Yesterday a designer friend of mine showed me a photo book he’d bought over the Net from someone he knows but has never met in person. They know each other on flickr, and the book was put together from flickr photos and printed through blurb. If he hadn’t told it came out of blurb, and if there hadn’t been a huge blurb logo inside, I wouldn’t have known. The printing quality was as good as some photobooks in the store and the content better.
I looked at the software and it’s good, but chances are the service won’t catch on here: It doesn’t feel Japanese enough, and anyway big makers have already staked out the market. Camera makers and printer makers — which are one and the same — enlist buyers into online clubs where they can store data, make prints and print books. Thirty-minute and 45-minute print labs have also retooled, offering book-printing services right in your neighborhood.
Still, the blurb bookstore is an excellent place to find amazing images of Japan, as these titles show, that most Japanese will probably never get to see.
A couple of weeks ago I strolled through Ueno Park, took a look at the pram-pushing couples there and then posted here that “there’s an air all around of parenthood reluctant or rushed” to them. It was just something I felt.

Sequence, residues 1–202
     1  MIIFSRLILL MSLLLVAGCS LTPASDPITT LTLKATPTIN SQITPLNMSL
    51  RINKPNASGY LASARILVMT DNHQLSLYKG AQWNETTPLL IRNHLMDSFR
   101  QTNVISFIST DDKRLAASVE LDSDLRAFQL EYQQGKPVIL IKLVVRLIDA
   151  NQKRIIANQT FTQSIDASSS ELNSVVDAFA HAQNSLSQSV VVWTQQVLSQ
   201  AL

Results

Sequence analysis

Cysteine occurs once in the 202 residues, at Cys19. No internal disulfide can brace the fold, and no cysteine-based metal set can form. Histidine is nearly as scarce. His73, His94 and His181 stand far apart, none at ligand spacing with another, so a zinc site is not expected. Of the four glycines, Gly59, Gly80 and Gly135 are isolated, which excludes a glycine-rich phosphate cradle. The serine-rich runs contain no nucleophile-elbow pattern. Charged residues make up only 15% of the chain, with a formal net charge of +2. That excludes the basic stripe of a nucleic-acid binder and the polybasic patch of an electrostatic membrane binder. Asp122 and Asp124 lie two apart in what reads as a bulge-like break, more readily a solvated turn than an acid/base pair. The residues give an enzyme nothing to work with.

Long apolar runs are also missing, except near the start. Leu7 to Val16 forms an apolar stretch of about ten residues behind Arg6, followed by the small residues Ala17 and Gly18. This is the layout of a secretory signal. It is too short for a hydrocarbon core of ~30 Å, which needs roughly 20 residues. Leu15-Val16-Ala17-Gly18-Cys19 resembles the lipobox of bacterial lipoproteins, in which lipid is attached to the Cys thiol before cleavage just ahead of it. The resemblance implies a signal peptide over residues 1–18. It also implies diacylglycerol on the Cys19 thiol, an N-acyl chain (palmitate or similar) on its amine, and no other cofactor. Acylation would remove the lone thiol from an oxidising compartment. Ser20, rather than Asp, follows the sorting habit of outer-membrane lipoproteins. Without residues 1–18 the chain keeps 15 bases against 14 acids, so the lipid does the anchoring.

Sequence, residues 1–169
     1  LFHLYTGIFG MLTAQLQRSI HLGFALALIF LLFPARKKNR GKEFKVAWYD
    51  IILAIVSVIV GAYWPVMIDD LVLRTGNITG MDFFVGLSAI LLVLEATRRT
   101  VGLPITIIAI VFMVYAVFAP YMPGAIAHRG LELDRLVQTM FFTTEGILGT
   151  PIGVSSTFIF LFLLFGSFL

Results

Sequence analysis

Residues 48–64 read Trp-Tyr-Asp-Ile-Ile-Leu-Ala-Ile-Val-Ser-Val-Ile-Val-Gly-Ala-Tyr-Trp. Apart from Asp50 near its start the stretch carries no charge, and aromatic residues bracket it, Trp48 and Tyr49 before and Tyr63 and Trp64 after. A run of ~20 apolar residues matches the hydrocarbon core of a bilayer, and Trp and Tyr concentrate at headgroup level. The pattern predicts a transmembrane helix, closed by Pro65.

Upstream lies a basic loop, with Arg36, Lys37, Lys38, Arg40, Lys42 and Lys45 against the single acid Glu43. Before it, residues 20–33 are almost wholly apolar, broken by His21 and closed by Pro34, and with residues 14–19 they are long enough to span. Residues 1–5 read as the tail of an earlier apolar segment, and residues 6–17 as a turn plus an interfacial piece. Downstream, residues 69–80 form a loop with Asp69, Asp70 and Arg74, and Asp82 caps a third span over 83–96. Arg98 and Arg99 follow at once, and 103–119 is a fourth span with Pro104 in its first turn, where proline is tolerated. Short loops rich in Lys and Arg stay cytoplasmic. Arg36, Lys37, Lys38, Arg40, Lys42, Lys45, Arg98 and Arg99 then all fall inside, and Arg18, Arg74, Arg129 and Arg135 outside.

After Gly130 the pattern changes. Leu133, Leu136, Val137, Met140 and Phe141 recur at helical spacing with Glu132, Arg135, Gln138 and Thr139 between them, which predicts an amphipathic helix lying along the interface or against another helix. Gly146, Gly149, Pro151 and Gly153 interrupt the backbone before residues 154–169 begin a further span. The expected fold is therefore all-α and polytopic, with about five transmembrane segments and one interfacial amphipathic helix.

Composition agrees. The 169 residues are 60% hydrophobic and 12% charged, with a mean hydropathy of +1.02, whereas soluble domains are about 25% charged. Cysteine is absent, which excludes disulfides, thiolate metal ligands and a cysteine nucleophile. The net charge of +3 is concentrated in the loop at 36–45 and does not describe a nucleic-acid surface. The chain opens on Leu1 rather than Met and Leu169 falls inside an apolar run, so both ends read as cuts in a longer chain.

But it seems to be an impression shared by lots. Professional pundit Atsushi Miura (who I mentioned a few days ago here because of his new photobook) uses data from the Ministry of Health, Labor and Welfare to show there’s actually something going on.
The ministry looks at cases of birth where the “pregnancy term is longer than the length of marriage.” In 1980 there were 83,000 of them, but at last count in 2000, the number was up to 150,000. Sticking to the 2000 figures, 67,000 of the mothers involved were between 20 and 24; 52,000 of them were between 25 and 29; and 10,000 were between 30 and 34. The rest were teenagers.
There are people who say that young people nowadays don’t get married except “shotgun style” (which is what dekichatta kekkon means), and these figures back up that up,” says Miura, whose mind finds interesting ways to interpret numbers. If there are just slightly less than 1.2 million births a year in Japan (and there are), he reasons, and 569,000 of those are firstborn, then the 150,000 cases where the “pregnancy term is longer than the length of marriage” account for 26% of all marriages. Capiche?
That means that one in four nuptial unions are unplanned or unintended. Go figure.
Original text follows: